There's a hefty main narrative line to follow, of course, but even aside from the upward of 30 hours you can spend doing that, side quests lurk in just about every city and village, awaiting your attention. These range from simple item fetch quests to the search for a legendary belly-dancing instructor and can earn you some great rewards. If you want to access any of the extra professions like ranger or paladin, you'll first need to complete a challenging special quest that asks you to use specific abilities on specific foes. There's also an alchemy pot, which lets you concoct items, weapons, and armor, as well as the bonus dungeon maps you receive from certain quests. These extras provide a variety of worthwhile ways to spend your time.

Starry skies portend great adventure.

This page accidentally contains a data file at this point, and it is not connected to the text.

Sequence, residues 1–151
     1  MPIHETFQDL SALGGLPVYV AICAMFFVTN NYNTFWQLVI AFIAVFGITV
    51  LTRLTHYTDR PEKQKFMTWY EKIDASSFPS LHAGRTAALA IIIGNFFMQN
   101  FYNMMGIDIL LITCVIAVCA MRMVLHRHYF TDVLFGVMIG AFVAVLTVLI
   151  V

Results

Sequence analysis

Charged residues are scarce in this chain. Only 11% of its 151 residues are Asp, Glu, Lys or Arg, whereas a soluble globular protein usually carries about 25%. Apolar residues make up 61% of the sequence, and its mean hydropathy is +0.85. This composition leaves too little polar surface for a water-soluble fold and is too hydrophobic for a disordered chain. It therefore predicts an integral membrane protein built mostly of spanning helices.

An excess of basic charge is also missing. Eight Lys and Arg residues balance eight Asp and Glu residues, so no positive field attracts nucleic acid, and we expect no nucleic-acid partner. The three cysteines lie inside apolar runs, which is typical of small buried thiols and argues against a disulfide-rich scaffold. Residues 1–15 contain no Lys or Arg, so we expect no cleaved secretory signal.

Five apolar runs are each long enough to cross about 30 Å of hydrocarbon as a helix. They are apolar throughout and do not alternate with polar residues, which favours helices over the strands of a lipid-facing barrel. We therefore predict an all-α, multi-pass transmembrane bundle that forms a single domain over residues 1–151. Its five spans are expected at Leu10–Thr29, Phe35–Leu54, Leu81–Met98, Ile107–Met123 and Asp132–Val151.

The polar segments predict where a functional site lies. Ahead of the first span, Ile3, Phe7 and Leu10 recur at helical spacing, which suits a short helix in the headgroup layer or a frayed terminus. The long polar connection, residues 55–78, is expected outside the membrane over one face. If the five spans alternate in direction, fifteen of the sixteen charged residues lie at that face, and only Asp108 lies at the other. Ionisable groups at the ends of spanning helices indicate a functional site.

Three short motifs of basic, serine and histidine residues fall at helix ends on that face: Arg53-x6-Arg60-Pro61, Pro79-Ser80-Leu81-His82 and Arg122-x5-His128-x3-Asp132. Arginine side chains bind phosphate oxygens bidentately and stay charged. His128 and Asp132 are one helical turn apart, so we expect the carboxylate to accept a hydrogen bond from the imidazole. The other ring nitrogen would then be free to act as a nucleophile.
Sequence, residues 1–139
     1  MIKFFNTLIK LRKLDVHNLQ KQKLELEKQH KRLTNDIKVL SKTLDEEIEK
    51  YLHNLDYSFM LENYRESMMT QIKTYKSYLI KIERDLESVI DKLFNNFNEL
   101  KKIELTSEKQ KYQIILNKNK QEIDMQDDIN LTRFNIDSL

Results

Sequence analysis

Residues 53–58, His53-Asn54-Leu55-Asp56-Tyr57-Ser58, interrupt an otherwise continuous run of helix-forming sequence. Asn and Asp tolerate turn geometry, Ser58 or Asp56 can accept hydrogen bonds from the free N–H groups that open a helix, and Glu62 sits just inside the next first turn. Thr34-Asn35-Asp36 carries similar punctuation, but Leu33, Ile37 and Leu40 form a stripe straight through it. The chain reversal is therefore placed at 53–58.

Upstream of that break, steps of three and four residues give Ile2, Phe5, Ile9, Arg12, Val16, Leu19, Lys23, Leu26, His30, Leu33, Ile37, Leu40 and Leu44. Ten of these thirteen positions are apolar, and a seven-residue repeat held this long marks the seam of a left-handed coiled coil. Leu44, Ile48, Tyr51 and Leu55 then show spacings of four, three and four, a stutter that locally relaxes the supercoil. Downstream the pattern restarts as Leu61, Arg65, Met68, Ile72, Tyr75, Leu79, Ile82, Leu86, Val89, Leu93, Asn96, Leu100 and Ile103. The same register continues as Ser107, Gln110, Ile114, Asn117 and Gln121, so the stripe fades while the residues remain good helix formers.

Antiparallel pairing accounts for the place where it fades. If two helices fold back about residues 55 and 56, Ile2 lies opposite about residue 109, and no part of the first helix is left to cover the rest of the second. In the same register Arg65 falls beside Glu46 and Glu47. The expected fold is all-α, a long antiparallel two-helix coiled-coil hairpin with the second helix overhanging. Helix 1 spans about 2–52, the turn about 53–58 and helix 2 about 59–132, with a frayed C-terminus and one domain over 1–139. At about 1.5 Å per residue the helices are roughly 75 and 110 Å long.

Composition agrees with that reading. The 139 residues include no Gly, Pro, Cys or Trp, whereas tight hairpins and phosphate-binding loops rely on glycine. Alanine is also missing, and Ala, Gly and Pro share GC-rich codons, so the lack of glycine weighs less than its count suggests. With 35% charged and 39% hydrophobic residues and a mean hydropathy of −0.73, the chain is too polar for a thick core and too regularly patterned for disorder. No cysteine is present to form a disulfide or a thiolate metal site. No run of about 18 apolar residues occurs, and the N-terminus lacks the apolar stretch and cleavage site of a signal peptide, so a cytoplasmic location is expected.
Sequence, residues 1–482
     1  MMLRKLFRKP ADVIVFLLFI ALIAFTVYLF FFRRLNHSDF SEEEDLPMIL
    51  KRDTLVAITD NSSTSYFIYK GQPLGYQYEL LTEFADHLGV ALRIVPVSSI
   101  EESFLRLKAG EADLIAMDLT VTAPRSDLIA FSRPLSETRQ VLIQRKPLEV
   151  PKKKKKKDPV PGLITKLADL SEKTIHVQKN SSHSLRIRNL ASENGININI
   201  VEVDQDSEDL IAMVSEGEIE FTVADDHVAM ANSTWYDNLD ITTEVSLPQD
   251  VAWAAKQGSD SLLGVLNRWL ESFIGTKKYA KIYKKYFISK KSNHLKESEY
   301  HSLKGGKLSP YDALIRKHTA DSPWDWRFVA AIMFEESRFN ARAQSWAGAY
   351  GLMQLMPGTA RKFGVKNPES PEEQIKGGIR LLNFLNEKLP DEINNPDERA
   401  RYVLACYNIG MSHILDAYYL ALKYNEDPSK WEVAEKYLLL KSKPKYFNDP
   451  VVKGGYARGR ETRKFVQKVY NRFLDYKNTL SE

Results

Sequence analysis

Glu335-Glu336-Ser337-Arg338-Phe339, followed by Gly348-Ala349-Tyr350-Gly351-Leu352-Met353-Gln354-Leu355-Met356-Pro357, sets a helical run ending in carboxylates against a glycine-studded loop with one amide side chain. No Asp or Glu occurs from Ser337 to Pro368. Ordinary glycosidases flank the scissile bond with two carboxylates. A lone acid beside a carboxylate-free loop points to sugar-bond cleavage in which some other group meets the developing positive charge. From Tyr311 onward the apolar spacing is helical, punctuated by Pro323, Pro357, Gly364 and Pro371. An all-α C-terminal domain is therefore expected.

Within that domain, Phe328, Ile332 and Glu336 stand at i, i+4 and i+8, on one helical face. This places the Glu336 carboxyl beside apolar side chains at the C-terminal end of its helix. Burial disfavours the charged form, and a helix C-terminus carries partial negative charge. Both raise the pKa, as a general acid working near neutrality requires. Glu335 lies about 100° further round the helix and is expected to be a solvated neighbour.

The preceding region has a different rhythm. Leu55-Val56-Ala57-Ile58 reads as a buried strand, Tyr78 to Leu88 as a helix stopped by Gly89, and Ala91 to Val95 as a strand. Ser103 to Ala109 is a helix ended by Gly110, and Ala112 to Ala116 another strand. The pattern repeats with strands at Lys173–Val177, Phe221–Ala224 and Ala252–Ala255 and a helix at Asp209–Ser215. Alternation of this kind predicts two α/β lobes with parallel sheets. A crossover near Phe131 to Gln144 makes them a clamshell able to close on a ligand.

Starry skies portend great adventure.

Every town in Sentinels of the Starry Skies has its own little story and its own sense of place in a wide world teeming with crazy monsters, great loot, and plenty of dungeons to explore. This is a quintessential role-playing experience that balances hardcore monster smashing with a lighthearted spirit. The Dragon Quest series soars onward and upward.

The Good

  • Wide, wide world filled with scores of nifty monsters
  • Lengthy main narrative
  • Lots of quests, optional dungeons, crafting, and more to keep fans busy

The Bad

  • Clunky menu system
  • Requires some grinding